Before I knew it, I was asleep.
| | |
I wish I could say I was strong. In the world I grew up in, a person had to know how to act strong. I knew how to throw on the tough face, how to push through the crowds, how to put the glare in my eyes that warned others to leave me alone. But inside, every time I found myself forced to act strong, I shook in utter fright. My heart sped and my eyes threatened at any moment to leak the tears that built so strong behind them. I could only act for so long.
The next day, I decided that acting strong was the last thing I wanted to do.
I could see the worried looks on my parent’s faces as they got ready for their new jobs that morning. I still hadn’t spoken a word to them. As they dressed and prepared to go, I just laid in my bed and stared at the ceiling. They kept glancing at me, obviously trying to decide if talking was even worth the try. I hoped that my cold presence gave them the answer.
Maybe I was acting immature. I was sure that is what Dr. Eriks would have said. She would say that even though they were convicted criminals, they were my parents, and blocking them out mere days before I would leave was causing more damage than good. I didn’t care about damage. At that moment, as I lay frozen on my bunk, I didn’t care about anything.
That was my day. I didn’t bother to eat. Or even stand. I just laid on my bed and listened to the prison. Everything was ticking, every footstep and thud another second gone. There was no music. Just the clock of prison life ticking slowly until I was finally gone.
I fell back asleep before my parents even returned. No dreams came to me, nothing but blackness and silence. When I woke up again, the prison was already awake and moving. My body hurt worse than ever before, the entire day spent laying on my back on the cement bunk causing my muscles to lock up in pain.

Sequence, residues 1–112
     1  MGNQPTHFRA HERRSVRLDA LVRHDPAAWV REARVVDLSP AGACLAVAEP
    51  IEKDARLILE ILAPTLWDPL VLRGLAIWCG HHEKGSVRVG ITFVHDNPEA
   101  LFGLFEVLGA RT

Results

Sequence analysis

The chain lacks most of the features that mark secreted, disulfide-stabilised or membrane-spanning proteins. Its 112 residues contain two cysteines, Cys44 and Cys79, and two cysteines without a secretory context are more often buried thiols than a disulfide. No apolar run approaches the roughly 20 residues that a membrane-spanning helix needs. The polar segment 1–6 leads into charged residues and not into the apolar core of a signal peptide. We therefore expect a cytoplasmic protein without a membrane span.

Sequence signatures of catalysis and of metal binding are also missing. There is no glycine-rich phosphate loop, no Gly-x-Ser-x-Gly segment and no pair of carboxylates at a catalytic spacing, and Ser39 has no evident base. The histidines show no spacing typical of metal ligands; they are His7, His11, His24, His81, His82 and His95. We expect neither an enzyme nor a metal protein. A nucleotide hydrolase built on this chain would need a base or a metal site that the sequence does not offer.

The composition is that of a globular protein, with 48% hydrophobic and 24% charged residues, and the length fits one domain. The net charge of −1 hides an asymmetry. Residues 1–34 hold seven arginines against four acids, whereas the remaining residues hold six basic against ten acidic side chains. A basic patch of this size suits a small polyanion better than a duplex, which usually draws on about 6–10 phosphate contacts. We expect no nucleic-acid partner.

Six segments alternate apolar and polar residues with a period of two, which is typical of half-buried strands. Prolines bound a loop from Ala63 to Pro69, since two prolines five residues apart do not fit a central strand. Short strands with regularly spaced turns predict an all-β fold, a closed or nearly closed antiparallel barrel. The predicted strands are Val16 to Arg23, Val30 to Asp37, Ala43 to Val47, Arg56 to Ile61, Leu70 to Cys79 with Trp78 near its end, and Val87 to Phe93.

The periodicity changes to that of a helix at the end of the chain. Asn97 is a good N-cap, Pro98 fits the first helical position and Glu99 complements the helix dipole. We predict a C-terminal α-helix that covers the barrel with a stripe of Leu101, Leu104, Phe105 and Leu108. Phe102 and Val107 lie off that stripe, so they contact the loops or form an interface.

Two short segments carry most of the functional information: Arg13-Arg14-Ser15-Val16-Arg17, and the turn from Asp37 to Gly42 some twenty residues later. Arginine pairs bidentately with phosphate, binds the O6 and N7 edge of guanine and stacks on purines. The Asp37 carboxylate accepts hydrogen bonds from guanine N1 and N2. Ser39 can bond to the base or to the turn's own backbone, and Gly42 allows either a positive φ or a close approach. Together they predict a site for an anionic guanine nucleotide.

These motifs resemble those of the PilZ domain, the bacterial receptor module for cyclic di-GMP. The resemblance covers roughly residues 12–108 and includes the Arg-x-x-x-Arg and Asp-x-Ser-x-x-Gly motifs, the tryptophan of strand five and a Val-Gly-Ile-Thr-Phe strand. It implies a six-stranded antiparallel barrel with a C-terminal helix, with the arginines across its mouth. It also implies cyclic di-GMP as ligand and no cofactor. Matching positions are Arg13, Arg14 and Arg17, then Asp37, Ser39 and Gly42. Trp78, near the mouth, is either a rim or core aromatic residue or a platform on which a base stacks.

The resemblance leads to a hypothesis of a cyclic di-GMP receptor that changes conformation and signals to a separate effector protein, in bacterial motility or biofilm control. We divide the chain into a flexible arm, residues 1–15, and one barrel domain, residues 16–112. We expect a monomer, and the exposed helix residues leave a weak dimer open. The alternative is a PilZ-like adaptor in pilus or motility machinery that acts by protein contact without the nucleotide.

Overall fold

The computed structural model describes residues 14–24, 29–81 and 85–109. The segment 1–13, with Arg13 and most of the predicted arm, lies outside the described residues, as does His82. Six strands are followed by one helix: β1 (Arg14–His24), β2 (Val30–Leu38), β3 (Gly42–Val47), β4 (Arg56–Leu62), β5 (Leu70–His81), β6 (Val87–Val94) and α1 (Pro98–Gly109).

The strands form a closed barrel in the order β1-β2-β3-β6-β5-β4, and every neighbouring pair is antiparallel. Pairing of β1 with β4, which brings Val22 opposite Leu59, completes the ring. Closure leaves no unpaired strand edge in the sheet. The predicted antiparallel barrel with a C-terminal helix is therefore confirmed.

I slowly climbed down off the bunk, willing my knees to bend and my back to straighten. Standing in the center of my cell, I squatted up and down a few times, feeling the joints pop and protest with every bend. My neck felt stiff, my eyes suddenly throbbing.
Realizing that my only other set of clothing was still dirty, I pulled on my old sneakers and bent down to the bottom of the bookshelf with a groan. All of the dirty clothes were gone. My mother hadn’t done the laundry at all for the last year, if not longer. My breath caught in my throat. I knew I should have felt relieved. The woman really didn’t need me. Instead, I felt a sudden sting of tears threaten my eyes.
My notebook sat near the edge of my bunk, its worn pages hanging over, threatening to fall out and scatter across the cell floor. I grabbed it and flipped it open to my schedule.
Crap,” I hissed, looking at the scribble of writing telling me that today was my last appointment with Dr. Eriks. And it was about to begin.
I shoved my journal under my pillow, ran my fingers quickly through my mess of hair, then booked it down the walkway. A few inmates, lounging along the walls or in their open cells, glanced up at me as I hurried past. No one ever hurried here. There was nothing ever worth hurrying for, aside from the lock of your cell door at lights out.